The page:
I'm using two different decorators from two different libraries. Lets say:
@decorator1(param1, param2) and
@decorator2(param3, param4). That I often use in many functions as:
from moduleA import decorator1 from moduleB import decorator2 @decorator2(foo='param3', bar='param4') @decorator1(name='param1', state='param2') def myfunc(funcpar1, funcpar2): ...
Since it happens every time, I would like to create a custom decorator that handle both of them. Something like:
@mycustomdecorator(name='param1', state='param2', foo='param3', bar='param4') def myfunc(funcpar1, funcpar2): ...
How do I achieve that?
I would argue that you shouldn't - using the original names for the decorators gives much better readability.
However, if you really want to, you can do it like this:
import functools from moduleA import decorator1 from moduleB import decorator2 def my_decorator(foo, bar, name, state): def inner(func): @decorator2(foo=foo, bar=bar) @decorator1(name=name, state=state) @functools.wraps(func) # Not required, but generally considered good practice def newfunc(*args, **kwargs) return func(*args, **kwargs) return newfunc return inner @my_decorator(foo='param3', bar='param4', name='param1', state='param2') def myfunc(funcpar1, funcpar2): ...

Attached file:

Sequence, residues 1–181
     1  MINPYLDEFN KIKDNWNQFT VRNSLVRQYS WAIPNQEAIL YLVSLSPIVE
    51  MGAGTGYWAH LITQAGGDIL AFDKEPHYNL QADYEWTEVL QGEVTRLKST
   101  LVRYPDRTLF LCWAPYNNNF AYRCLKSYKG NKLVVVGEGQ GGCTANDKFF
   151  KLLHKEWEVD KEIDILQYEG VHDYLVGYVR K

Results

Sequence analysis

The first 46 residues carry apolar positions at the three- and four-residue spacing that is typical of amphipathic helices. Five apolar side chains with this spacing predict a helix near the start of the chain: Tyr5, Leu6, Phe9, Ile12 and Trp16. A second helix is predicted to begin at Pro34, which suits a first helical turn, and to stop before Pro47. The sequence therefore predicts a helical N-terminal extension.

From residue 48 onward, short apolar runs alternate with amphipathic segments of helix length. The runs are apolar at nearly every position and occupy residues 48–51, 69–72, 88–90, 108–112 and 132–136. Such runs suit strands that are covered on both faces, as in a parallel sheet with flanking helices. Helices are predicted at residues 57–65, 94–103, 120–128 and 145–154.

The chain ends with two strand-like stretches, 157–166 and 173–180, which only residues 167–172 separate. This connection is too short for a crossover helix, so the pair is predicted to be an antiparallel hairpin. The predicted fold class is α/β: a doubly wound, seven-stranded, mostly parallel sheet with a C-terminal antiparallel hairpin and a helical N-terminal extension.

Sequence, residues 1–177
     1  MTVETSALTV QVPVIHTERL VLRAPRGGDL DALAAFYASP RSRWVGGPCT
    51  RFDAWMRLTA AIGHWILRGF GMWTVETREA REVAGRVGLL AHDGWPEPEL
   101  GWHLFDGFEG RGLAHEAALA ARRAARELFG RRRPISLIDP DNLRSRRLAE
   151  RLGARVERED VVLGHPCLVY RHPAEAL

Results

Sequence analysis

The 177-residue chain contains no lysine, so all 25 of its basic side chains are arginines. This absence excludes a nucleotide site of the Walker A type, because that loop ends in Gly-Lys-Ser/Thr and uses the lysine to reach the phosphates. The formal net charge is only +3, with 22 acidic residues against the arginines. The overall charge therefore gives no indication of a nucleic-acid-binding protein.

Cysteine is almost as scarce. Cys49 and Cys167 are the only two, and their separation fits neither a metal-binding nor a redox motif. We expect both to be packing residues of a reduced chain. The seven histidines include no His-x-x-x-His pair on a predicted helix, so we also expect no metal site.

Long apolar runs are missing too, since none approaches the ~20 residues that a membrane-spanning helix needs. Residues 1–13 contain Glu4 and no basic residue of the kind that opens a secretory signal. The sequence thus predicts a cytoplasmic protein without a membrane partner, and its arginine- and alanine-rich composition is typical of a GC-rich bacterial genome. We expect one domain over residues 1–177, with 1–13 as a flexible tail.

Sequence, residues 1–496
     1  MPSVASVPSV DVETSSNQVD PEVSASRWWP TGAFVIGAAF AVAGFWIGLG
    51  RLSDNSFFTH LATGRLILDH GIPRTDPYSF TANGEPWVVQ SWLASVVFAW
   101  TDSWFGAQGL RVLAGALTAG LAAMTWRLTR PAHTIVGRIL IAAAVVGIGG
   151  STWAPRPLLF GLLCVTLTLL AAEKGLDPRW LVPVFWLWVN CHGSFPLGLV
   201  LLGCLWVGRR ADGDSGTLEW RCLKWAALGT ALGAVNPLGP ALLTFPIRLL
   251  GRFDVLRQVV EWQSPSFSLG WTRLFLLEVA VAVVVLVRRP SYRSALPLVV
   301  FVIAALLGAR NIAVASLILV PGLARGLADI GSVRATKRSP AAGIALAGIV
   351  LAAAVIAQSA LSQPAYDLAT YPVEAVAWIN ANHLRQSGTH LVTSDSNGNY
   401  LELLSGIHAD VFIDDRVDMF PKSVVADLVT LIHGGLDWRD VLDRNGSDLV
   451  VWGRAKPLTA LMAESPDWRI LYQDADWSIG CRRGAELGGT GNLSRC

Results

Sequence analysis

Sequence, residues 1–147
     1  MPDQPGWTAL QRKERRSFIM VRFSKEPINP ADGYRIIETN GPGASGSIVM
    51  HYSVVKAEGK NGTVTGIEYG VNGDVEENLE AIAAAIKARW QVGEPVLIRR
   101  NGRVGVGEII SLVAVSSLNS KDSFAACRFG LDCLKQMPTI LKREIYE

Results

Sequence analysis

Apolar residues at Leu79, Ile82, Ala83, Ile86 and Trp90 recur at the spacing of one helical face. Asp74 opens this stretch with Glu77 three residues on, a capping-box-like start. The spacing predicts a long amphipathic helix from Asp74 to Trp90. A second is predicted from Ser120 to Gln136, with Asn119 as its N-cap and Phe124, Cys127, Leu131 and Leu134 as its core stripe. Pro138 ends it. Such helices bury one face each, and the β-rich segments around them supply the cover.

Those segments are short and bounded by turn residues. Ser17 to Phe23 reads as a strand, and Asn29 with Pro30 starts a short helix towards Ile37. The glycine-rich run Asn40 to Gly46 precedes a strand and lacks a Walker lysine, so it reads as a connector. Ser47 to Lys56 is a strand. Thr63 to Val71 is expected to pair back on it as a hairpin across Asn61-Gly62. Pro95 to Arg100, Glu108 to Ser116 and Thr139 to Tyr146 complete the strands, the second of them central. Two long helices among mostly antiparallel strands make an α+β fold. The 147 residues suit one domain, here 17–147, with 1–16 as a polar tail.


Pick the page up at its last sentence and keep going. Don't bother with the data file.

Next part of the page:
It's simple really - just write a decorator that returns another decorator which will have it's inner function decorated with the other two decorators
It might also be a good idea to use functools.wraps, for the sake of good habits. It's standard library and helps a lot with debugging and interactive console use: https://docs.python.org/3.7/library/functools.html
In general though, I'd say the one extra line of code is more than worth the clarity of using the decorators separately. You'll thank yourself when you read your own code in 3 more months.